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Shu Zhang/MEDILL

U.S.-based drugmakers Merck, Pfizer and Johnson & Johnson are among the top 10 global R&D spenders.

Big pharma plus big data could equal big savings

by Shu Zhang
March 12, 2014

Fifteen percent of Netflix Inc.’s 44.4 million global subscribers watched the second season of “House of Cards” the day it went live.

But Netflix wasn’t surprised. Before it invested in the series, a Venn diagram of viewers’ watching preferences had already predicted a series directed by David Fincher, starring Kevin Spacey and based on a British TV series would hit the sweet spot.

The data mining technique Netflix used relies on “big data,” a fairly recent buzzword. Predictions based on big data analysis are being made in the stock market, the auto market, at the box office and in political elections.

Now “big pharma,” comprising the largest drugmakers in the world, is on the cusp of this new frontier. McKinsey & Co. Inc., a global consultancy, has predicted big data could reduce research and development costs for pharmaceutical makers by $40 billion to $70 billion.

“An era of open information in health care is now under way,” McKinsey said in a research about the big data revolution.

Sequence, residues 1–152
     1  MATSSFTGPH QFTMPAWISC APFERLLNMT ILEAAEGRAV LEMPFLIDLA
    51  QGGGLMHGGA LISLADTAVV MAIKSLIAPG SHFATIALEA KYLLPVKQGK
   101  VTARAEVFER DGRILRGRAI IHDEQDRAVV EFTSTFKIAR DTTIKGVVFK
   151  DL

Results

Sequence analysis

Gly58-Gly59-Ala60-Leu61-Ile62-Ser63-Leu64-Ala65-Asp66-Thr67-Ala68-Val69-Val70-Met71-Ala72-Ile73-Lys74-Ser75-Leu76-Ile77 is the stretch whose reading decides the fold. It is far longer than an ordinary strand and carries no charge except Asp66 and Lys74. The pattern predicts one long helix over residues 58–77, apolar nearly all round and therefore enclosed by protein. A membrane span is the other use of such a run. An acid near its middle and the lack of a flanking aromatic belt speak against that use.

There are plenty of data sources for big pharma to tap into. Thousands of online patient communities grouped by various diseases now exist online. connects more than 220,000 patients in more than 2,000 condition groups. The Association of Cancer Online Resources links more than 200 cancer support groups.

On the other end of the health spectrum, fitness apps on mobile devices such as Fitness Buddy, Lose it, Workout Trainer and Nike+ Running, are tracking data on everything from users’ height and weight to their sleep cycles and eating habits.

Some health-care companies are ahead of the curve. London-based AstraZeneca PLC is partnering with HealthCore, the data subsidiary of health-care provider WellPoint, to find the most effective and economical treatments for chronic illnesses and other common diseases. AstraZeneca plans to use the information it derives to decide where to invest its research dollars.

In 2013, another British drugmaker, GlaxoSmithKline PLC, announced a partnership with health analysis company SAS Institute Inc. to provide a globally accessible private cloud for the pharmaceutical industry to securely collaborate on anonymous data from clinical trials.

In the U.S., Pfizer Inc., Eli Lilly & Co. and Novartis AG are partnering to improve the website. Their goal is to better match the individual health profiles of patients with ongoing clinical trials that might be applicable.

The partnership is backed by the White House’s “Big Data Research and Development Initiative,” a $200 million effort that seeks to greatly improve the techniques used to extract insights from large and complex collections of digital data.

In fact, the U.S. government is a key collector of big data in the health-care field. The National Institutes of Health has made the world’s largest set of data on human genetic variation, the 1,000 Genomes Project, available on the Amazon Web Services cloud for free.

The volume of data is exploding at a speed no one has ever imagined before, industry experts say, and that is challenging drugmakers’ ability to transform the information into additional revenue.